8 May 2020

Fr Kevin Alban writes our reflection today on coping with Covid-19 with Saint Jude

You might be forgiven for thinking that St Jude doesn’t have much to tell us about Covid19 and the pandemic it has caused. After all, he lived nearly 2,000 years ago in a very different society and neither he nor any other of the apostles had any medical knowledge, as we would understand it. However, maybe a fresh look at the letter in the New Testament which bears his name might prove fruitful for us today.

No one knows for sure whether the apostle Jude who appears in the gospels is the same person that wrote the letter of St Jude. In one sense, that doesn’t matter because the belief of the early Church was that Jude of James or Jude Thaddaeus was the author, so for the sake of argument, let’s go along. Jude speaks only once in John’s gospel in chapter 14 when Jesus tells the apostles he will make himself known to those who obey his commands and understand that Jesus comes from the Father and is in the Father. This is part of Jesus’ mission to the world as messiah and Jude wants to go deeper into the question to understand what Jesus means. Jude asks him “Lord, how will you make yourself known to us, but not to the world?” In other words, how can the traditional image of a “globally recognised” messiah be squared with Jesus’ own statement that he will make himself known. So, Jesus’ identity will not be self-evidently clear to all, rather he will choose those to whom he wishes to reveal himself. Jude’s question receives a clear answer from Jesus: “All who love me will obey my teaching.” The practical following of Jesus by obeying his commands will be recognised by the Father who together with Jesus will come and live with these loyal disciples.

I have spent a little time discussing these two verses from John 14 because Jude’s question helps to understand what he writes in his letter. Looking through the New Testament to find the Letter of Jude you might easily miss it if you flick through too fast. It is only 25 verses long! Yet concentrated in these few lines are some precious teachings which could illuminate our present predicament in 2020.

Jude’s opening remarks are addressed to exactly the same people Jesus mentioned in John 14: those chosen by the Father and protected by Jesus. Yet there is something amiss: Jude had wanted to write a letter of encouragement about salvation, but he feels compelled to deal with the realities of the present circumstances. What seemed so simple and straightforward has become complicated and even a struggle – does that ring any bells today? The changes we are living through prompt us to talk of a “new normal”, so profound and far-reaching are the effects of this pandemic. Naturally, we can feel disturbed and even agitated by the prospect of these unknown developments.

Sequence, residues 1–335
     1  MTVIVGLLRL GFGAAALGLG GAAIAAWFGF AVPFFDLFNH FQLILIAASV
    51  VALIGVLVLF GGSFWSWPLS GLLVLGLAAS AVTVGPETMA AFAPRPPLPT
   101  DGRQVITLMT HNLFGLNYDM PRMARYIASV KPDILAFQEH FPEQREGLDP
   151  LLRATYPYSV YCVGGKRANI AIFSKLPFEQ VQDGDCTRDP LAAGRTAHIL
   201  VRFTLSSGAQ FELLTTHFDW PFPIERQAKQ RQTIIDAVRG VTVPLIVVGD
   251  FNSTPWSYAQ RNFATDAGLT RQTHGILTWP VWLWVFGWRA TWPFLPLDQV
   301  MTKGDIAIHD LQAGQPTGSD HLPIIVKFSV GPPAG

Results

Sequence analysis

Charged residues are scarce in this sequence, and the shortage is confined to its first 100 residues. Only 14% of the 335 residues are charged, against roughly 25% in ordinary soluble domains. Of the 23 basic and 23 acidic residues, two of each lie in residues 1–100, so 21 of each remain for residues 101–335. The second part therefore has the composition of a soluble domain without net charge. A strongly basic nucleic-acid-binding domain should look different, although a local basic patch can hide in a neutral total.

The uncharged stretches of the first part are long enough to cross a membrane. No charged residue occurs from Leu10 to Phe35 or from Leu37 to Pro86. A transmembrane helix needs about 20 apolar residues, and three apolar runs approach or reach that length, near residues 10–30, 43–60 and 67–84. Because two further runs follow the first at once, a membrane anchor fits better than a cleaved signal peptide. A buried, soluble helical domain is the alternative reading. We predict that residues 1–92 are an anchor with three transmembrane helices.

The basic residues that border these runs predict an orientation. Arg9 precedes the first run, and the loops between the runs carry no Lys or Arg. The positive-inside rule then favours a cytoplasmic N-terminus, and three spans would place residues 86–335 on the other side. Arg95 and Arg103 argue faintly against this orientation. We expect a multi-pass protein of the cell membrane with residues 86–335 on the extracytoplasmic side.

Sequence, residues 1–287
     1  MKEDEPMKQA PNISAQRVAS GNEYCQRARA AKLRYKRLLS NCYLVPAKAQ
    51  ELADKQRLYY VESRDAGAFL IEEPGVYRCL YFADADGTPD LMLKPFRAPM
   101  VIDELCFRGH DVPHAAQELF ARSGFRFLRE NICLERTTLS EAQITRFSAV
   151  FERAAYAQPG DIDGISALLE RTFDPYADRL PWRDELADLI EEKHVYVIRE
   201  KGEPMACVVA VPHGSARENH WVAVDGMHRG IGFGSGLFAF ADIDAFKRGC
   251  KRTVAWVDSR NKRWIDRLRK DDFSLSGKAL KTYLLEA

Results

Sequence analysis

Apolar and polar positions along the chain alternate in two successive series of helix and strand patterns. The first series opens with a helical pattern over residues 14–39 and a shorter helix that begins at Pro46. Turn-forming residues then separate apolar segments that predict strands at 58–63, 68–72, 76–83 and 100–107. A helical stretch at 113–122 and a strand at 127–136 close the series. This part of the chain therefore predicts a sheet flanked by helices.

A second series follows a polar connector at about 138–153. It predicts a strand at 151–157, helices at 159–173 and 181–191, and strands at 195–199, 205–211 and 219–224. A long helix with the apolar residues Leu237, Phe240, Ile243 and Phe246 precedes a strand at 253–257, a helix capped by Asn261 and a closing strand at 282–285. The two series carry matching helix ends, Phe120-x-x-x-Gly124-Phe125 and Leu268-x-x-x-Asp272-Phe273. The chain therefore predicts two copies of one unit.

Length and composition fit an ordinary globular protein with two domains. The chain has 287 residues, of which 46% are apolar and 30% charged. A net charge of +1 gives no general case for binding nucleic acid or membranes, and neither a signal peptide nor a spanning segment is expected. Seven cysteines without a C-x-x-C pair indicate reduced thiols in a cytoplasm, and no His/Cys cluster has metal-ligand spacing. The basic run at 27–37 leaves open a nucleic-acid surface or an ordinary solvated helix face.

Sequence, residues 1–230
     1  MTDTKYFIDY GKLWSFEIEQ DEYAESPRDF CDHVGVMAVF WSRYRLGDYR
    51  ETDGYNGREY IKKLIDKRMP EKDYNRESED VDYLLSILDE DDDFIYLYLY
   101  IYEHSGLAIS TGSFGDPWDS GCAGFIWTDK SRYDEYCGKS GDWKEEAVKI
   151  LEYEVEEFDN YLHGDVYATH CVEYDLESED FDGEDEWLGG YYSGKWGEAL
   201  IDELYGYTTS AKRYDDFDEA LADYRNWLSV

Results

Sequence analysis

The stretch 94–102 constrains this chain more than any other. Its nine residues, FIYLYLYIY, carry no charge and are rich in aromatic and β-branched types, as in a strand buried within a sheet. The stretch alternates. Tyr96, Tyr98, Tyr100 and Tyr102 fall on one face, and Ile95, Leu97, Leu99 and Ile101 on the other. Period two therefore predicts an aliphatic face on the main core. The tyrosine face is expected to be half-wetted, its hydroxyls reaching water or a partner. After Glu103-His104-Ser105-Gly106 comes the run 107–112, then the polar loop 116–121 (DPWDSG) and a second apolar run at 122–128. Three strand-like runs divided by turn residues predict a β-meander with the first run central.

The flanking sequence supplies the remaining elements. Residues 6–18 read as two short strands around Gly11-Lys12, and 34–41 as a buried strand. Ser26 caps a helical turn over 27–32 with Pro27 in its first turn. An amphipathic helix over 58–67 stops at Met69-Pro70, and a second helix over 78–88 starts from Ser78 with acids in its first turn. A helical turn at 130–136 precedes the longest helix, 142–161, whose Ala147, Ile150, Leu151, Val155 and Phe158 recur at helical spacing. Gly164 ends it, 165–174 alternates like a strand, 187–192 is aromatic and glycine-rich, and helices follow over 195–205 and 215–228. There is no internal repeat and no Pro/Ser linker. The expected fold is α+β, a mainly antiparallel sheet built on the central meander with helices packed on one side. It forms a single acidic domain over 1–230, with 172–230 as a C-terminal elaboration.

Jude reminds us that the true Messiah, Jesus, keeps people safe. “I want to encourage you to fight hard for the faith that God gave his holy people. God gave this faith once, and it is good for all time.” The capacity for faith and the ability to believe are at the heart of discipleship. They provide a bedrock for our confidence that God does take care of his people, but not in some theoretical or abstract way. God’s protection is seen in practical and concrete ways from his dealings with the people of Israel. Very often we are not conscious of God’s positive involvement in our lives until after the event. Sometimes we are so busy asking and telling God what we want that we don’t hear the answer! Jude alerts his congregation to the various ways over history that God has led, protected, guided and shaped his people as a demonstration of his concern. Jude also reminds his listeners that God’s people has always struggled to achieve its destiny, so the people must contribute something to the divine plan as well. 

So, tranquillity and peace of mind are to be found not among the latest fads, suggestions and, dare I say, fake news. Rather it is the demonstrable facts of history that gives Israel and us confidence. Jude offers a whole series of examples drawn from the Old Testament which I am not going to reproduce or comment on here. Instead, may I suggest that this might be a good point for each of us to reflect a moment on those times we have felt God at work in our lives or maybe, after the event, realise that’s what it was. Strangely, our map going forward is based on previous experiences. We don’t have to re-invent God’s protection or presence in our lives.

That almost insignificant figure and that briefest of letters have much to teach us in terms of realism, constructing a solid basis of faith and relying on God’s protection. Seen in this way, maybe the “new normal” won’t look so different from the past experience of God’s love.

God is strong and can keep you from falling. He can bring you before his glory without any wrong in you and give you great joy. He is the only God, the one who saves us. To him be glory, greatness, power, and authority through Jesus Christ our Lord for all time past, now, and forever. Amen. (Jude 24-25)